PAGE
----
Central Planners To Exploit Greed & Fear In Second Half
Today, a new month, new quarter and new half of the year commences. A lot has happened on the markets over the past six months, and surely, as we approach the supposed end of an era on December 21, 2012, central planners will be out in full force to exploit investors’ fear and greed. That a deal was struck between leaders in Europe to stabilize eurozone credit markets and convince the world european solidarity among banks has staved off panics. But, as employment numbers remain dismal in the United States, and Europe posts record jobless numbers in the second half, volatility will continue to define markets.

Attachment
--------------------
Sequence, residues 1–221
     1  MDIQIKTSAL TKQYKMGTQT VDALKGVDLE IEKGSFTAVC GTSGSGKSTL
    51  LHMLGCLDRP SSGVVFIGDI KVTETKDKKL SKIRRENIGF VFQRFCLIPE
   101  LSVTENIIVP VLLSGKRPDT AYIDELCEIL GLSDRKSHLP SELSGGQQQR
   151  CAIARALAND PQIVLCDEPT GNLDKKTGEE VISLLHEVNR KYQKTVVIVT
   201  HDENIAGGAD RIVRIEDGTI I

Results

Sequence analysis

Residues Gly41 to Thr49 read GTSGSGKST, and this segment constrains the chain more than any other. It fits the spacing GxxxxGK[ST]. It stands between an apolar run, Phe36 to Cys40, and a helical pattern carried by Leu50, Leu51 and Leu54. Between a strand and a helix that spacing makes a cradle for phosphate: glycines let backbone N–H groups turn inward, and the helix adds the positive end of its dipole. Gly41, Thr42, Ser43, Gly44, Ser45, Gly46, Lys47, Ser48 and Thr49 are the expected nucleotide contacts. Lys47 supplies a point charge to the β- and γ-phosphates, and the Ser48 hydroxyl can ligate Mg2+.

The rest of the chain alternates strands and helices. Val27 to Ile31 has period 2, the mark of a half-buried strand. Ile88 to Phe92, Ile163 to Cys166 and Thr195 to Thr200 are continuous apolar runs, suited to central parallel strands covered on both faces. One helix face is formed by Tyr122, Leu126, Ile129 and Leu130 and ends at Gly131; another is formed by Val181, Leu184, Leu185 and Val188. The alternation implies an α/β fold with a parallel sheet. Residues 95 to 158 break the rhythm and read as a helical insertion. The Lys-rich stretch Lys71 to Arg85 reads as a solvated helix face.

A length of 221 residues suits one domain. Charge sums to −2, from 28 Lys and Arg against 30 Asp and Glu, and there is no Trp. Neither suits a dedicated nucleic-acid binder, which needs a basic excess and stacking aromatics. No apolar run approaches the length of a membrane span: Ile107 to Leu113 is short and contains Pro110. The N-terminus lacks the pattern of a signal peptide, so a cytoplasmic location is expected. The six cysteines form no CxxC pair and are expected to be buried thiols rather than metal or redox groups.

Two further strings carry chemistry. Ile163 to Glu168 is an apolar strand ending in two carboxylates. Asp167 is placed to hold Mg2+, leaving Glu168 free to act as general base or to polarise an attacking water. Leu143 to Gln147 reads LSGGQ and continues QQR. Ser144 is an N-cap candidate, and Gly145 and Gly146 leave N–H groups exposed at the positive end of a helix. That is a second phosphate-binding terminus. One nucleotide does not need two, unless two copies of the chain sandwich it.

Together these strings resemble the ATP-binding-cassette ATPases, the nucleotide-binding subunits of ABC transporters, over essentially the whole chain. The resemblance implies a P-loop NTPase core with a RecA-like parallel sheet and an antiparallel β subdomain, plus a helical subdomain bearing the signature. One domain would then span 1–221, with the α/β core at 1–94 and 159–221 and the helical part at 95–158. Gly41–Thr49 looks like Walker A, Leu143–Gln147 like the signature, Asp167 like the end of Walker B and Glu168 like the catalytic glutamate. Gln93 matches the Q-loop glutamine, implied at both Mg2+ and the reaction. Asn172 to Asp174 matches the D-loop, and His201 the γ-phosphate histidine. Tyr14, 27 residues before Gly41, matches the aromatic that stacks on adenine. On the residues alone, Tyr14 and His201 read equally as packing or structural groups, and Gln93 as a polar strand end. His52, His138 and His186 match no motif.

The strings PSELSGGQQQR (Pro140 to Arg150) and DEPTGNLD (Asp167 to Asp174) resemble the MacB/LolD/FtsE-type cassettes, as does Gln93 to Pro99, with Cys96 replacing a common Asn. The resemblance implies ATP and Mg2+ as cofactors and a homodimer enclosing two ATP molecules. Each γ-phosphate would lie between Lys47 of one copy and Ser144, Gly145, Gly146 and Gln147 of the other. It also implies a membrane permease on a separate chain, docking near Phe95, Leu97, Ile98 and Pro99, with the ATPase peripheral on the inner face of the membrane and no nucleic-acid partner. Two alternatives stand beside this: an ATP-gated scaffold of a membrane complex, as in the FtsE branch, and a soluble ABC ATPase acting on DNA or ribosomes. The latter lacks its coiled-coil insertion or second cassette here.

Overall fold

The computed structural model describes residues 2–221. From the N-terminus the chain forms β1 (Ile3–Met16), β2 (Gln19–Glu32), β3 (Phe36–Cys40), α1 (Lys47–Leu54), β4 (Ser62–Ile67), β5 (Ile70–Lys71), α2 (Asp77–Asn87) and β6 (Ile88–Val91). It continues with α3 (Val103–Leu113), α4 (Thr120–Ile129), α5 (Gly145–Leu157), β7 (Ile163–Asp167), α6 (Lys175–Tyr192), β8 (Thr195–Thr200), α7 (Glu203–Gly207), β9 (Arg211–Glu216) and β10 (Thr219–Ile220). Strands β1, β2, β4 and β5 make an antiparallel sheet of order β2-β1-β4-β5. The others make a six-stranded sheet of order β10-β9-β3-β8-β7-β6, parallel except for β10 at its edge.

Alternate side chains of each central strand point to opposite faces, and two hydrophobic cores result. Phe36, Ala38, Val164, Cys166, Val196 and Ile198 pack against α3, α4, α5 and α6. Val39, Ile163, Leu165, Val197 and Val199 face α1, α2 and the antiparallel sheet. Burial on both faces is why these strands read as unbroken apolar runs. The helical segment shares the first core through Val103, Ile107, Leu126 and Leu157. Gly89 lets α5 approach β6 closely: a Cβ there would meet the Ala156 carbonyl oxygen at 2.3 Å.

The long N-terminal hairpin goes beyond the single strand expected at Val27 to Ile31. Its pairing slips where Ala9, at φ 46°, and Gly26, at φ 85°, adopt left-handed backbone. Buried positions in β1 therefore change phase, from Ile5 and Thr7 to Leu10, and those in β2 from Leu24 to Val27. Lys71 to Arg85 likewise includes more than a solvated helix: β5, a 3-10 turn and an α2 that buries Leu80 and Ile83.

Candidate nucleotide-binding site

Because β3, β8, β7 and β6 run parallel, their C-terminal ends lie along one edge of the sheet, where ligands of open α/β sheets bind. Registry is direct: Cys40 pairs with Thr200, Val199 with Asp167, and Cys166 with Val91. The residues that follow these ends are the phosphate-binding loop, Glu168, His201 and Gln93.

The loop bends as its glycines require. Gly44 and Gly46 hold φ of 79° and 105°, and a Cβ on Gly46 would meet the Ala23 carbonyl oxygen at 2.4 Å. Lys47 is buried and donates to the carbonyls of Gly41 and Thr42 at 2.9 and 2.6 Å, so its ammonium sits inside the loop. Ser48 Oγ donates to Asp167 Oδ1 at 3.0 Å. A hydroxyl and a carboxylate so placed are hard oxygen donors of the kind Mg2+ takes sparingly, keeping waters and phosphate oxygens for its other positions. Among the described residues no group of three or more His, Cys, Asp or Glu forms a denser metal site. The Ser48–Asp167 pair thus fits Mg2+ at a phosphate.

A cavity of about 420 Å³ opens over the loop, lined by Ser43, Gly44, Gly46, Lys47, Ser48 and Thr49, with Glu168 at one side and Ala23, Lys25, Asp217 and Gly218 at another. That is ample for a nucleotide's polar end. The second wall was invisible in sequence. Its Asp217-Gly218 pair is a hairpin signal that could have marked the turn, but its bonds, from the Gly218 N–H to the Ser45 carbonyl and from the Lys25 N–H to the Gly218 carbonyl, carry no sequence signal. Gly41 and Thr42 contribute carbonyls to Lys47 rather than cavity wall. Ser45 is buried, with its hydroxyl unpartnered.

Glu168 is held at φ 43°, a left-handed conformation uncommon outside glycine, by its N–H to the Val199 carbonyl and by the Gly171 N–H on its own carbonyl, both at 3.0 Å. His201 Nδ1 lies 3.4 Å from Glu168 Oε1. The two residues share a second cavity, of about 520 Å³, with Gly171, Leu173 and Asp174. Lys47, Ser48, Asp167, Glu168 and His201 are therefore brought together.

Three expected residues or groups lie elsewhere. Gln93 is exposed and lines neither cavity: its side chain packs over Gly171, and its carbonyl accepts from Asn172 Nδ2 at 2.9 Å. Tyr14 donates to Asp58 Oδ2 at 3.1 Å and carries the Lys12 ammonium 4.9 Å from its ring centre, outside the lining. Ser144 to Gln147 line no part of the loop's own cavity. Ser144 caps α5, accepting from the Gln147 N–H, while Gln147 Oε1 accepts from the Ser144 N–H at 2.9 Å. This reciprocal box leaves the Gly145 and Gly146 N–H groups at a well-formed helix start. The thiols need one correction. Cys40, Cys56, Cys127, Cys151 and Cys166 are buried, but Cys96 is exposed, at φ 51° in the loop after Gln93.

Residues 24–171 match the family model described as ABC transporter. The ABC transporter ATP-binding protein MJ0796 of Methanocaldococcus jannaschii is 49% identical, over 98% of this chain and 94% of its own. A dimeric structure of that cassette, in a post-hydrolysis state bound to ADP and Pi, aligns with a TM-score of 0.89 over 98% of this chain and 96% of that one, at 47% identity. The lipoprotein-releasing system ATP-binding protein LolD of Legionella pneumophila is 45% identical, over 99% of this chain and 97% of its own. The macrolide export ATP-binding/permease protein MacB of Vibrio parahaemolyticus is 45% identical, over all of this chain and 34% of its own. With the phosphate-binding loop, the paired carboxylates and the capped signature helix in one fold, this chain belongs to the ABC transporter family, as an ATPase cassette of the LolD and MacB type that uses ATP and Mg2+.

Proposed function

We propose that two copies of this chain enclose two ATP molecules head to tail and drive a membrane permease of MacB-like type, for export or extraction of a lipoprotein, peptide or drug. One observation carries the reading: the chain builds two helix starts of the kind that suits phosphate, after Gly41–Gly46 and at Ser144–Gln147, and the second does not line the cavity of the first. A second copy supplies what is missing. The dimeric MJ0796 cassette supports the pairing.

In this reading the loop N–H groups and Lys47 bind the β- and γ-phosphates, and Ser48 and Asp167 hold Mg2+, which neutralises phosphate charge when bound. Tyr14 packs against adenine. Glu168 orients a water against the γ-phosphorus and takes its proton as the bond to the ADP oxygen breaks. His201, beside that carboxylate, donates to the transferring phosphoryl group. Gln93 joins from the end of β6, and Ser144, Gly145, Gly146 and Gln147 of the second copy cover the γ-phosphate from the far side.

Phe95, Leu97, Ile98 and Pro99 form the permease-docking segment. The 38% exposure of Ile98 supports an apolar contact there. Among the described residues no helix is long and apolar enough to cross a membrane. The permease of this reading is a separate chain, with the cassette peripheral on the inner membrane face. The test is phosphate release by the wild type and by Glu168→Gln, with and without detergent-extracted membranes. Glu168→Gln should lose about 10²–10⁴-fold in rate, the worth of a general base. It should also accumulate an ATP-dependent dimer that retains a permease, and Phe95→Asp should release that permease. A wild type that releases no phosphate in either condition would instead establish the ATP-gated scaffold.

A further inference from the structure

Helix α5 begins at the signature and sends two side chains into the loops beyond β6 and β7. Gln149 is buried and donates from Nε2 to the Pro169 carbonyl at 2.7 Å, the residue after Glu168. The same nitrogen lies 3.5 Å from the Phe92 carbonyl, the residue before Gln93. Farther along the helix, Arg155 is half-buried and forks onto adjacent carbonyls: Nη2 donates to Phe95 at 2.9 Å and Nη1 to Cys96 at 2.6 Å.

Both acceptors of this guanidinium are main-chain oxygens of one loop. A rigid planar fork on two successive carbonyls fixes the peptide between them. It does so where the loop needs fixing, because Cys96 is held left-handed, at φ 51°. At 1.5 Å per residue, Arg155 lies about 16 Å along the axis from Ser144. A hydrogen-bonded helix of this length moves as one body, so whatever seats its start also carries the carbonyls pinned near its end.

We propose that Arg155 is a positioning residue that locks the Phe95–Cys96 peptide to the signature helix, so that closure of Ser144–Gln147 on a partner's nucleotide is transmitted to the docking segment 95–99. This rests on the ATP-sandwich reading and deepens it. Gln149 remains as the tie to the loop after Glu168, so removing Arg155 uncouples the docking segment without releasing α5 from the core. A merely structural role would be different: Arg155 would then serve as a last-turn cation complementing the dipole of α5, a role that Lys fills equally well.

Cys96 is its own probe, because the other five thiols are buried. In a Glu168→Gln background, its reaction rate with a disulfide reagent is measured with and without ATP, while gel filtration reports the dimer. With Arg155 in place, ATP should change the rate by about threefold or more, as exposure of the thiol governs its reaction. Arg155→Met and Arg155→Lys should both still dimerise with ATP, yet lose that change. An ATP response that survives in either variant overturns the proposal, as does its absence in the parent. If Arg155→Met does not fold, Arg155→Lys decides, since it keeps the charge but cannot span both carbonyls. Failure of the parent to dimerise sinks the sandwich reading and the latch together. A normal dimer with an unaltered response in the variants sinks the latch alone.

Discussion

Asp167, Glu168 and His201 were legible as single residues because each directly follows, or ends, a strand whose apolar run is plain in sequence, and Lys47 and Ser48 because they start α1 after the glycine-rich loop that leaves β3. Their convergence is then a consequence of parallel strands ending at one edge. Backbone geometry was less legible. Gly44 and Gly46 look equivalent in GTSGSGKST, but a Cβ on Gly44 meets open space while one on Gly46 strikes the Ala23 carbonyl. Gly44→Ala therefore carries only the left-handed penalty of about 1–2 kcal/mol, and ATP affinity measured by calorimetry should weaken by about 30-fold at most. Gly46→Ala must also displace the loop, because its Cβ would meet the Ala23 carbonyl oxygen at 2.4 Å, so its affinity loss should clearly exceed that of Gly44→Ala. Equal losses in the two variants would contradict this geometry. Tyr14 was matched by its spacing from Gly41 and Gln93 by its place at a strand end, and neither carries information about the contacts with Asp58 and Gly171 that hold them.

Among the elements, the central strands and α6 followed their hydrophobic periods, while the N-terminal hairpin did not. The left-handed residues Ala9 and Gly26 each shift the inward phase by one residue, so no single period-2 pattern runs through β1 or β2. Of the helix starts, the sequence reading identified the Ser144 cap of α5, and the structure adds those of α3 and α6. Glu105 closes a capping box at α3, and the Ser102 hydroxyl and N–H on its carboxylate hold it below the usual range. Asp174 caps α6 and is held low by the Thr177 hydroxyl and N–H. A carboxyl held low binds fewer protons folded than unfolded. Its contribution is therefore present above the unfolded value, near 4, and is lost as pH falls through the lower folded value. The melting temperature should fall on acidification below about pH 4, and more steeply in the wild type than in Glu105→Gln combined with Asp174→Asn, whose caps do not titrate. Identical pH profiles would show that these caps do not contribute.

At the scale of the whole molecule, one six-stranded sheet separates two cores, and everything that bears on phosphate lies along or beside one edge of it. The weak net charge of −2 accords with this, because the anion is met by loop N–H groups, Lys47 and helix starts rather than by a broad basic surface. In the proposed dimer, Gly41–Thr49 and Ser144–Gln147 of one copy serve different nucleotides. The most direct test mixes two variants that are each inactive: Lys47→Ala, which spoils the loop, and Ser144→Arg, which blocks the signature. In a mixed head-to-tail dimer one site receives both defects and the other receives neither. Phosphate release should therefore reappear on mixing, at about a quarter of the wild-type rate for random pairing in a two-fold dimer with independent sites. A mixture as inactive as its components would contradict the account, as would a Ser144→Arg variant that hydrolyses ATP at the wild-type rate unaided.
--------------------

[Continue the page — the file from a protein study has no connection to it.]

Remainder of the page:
On Thursday, the European Central Bank will meet on its monetary policy, and many are expecting that the central bank will reduce its main refinancing to a record low 0.75%, after having kept interest rates at 1% since January.
The premises on which a bullish second-half rest are precarious. Declining gas prices, for one, are no guarantee, as a 9.4% increase in the oil price on Friday signals considerable upside. Further, commercial hedgers have moved to less short positions, reaching levels they haven’t been at since October, just about 5 months before oil peaked at $110.
Although volatile, stocks have had a positive first half. Since the start of the year, the S&P 500 (SPX) has jumped nearly 5%, the Nasdaq (COMP) has rallied 9%, and the Dow Jones Industrial Average (INDU) has gained 3%. This despite the euro crisis as well as declining job reports out of the United States. The same is on the Agenda for the next six months, as US, Spain and Italy debt problems will continue to weigh on the headlines. Moreover, the west still aims its sights on Iran. The 5-year trend – a certain decline – is sure to continue on into the second half of the year.